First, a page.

The tenth and concluding book examines the connection of modern education with the primaval education of man, and is perhaps the most pedantic and least meritorious part of the whole. Altogether, this work is declamatory, but not unamusing. Its greatest fault is that it deals in generals, not in particulars; and so carefully are all locality of allusion and all temporary institutions kept out of sight, that the essay might have been penned in its present form in the antient Alexandria. This absence of detail detracts from the practical value of the production, and makes it exhibit only the ribs of the mould in which establishments for education should be cast.

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It is perhaps not much to be wished that governments should take out of private hands the management of general education. Parents are better judges than the state, of the peculiar instruction which is requisite for the advancement of their children ; and, in behalf of the indigent and orphan classes, public beneficence makes a more adapted provision than that which would result from founding colleges of school-masters.

ART. X. Remarques faites dans un Voyage, &c.; i.e. Remarks

made during a Tour from Paris to Munich in the beginning of the Year 1813. By M. DEPPING, Member of the Philotechnic and Antiquarian Societies of Paris, &c. 8vo. pp. 96. Paris. 1814IF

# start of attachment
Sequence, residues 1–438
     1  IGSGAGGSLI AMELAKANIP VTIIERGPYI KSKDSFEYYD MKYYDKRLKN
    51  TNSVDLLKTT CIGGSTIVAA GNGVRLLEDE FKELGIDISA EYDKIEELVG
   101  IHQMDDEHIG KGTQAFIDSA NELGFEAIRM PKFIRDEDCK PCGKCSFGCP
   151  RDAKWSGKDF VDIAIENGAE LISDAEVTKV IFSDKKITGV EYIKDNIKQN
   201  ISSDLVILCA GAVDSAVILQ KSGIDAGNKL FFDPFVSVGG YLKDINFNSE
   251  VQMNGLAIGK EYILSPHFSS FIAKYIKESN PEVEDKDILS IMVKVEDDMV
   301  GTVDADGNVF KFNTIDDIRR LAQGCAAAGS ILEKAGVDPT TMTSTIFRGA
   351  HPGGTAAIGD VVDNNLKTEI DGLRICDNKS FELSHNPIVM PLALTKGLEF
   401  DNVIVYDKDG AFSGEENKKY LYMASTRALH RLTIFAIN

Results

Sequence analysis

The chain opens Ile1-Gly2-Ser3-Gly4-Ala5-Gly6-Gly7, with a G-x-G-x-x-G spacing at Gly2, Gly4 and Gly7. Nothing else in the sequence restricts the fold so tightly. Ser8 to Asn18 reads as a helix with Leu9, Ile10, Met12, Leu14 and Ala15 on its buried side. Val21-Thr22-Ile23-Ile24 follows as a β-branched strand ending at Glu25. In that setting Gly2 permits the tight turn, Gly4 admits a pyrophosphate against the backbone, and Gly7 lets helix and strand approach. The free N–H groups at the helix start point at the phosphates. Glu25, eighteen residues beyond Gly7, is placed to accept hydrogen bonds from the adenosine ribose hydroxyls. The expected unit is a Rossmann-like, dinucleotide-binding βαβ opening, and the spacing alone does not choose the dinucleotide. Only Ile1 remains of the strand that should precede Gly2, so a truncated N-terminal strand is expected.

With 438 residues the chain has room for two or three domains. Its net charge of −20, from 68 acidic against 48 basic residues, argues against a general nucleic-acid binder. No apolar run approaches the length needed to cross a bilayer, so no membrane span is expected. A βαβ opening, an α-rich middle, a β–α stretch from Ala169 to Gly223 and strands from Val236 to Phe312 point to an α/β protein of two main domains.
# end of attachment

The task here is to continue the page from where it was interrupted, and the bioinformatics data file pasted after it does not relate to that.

our writers of travels could be induced to follow the ex

ample of M. DEPPING, their accounts would be more amusing and instructive, and less tiresome and expensive. It is not necessary for a tourist, when he appears before the public, to recount minute incidents respecting himself. We want not to be told every thing that happened, but only what is worth telling. Let him skim the cream of his journal, and, like the writer before us, present us with a selection of remarks made in the course of his route. This sensible traveller, indeed, reminds us that it was not his design to notice every object which occurred in his rambles : but to contribute to rectify and render more complete former descriptions, or to recall certain facts which require to be more known than they generally are. His method is excellent; and, within the compass of a few pages, he has compressed as much matter as some of our book-making gentry would have required for the construction of a large and handsome volume.

M. DEPPING presents us with the prominent features of every place through which he passes, without forgetting the names of those scholars or artists who by their learning and talents augment the celebrity of the towns in which they reside: but, as we can accomplish little more than a rapid glance at this gentleman's travelling remarks, we shall chiefly point to the prominent objects which arrested his attention. He begins with observing that, in the route from Paris to Strasburg, nothing of any importance presents itself till the traveller reaches Château-Thierry, where a fountain flows before the house in which La Fontaine was born ; - that Epernay is distinguished by the vast caves dug in the chalk-hills, for the convenience of depositing the Champagne wine in a proper degree of temperature; - that Châlons is badly built, and is surpassed by Vitry ;-that Bar-sur-Ornain had been infested by mad wolves, whose bite had been fatal in several instances;